Thanks to this revolution, production activities based on manual power have been replaced by production activities based on machine power. The steam engine, which was invented by James Watt, led to rapid development in mining and other industries, especially in the weaving industry. After the invention of the steam engine, mechanization activities gained speed.

The Industrial Revolution carries out its development in 4 stages. These stages

First phase (1785): Water power, textiles, iron.
Second phase (1845): Steam, rail, steel.
Third stage (1950): Internal combustion engine, electricity and chemicals.
Fourth stage (1990): Software, new media, digital networks, micro-nano technologies.

is in the form. The fourth stage, which started in 1990, is still developing today. When the dates of the stages of industrial development are examined, it is observed that the year difference between the stages that are close to the present day is gradually decreasing. This decrease is ensured by the positive developments in the field of technology.

The Formation Period of the Industrial Revolution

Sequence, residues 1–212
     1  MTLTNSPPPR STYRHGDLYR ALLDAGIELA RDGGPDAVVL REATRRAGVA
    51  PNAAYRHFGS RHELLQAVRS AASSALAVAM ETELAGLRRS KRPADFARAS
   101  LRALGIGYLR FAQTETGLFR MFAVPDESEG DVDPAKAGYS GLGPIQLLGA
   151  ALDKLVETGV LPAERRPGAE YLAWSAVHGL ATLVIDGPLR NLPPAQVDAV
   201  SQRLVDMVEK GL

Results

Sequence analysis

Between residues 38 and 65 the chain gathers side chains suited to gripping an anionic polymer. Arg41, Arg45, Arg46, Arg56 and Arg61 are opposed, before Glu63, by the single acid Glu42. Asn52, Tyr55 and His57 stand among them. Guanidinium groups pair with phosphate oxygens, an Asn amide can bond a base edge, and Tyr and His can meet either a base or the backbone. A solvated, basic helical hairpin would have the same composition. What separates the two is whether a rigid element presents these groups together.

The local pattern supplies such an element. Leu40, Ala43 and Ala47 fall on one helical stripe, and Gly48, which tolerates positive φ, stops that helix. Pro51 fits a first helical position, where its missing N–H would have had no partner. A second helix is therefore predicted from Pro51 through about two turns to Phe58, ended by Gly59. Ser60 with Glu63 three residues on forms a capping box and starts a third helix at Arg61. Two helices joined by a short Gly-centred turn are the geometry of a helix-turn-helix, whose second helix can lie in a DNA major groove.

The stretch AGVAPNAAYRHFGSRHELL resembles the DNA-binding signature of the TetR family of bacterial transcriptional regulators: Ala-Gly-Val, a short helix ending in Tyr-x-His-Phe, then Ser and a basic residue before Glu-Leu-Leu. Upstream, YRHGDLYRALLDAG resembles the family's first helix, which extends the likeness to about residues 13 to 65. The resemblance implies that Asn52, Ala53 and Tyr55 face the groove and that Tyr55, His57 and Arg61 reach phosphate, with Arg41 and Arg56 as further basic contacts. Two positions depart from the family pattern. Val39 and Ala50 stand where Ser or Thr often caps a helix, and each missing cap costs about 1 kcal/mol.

The need for consumption started with the emergence of humanity. The continuous increase in consumption from the first human period to the present day has led to the emergence of new production sources and production styles. Gathering, hunting and tillage were the livelihoods of humanity in the First Age. These livelihoods have the feature of being the livelihoods used for the longest time. In the period from the Middle Ages to the Modern Age, the source of power was the soil. For this reason, while the most powerful states among these ages were the ones with large lands, there were constant land wars due to this power war.

The Industrial Revolution changed this situation completely. The source of power has ceased to be soil and has become raw material. After this period, raw materials were processed and sold in the established factories, and raw materials were purchased again. Thus, the industrial cycle was formed.

This situation led to the spread of colonial empires, and in the 18th and 19th centuries, there were occupations due to the raw material and market needs of the states whose industries developed. The revolution, which started in England in 1790 with the discovery of steam power, quickly spread to other areas after weaving. As a result of increasing job opportunities in the cities, the people living in the villages migrated to the cities and the consumption increased due to the increasing population in the cities. This has had both positive and negative consequences.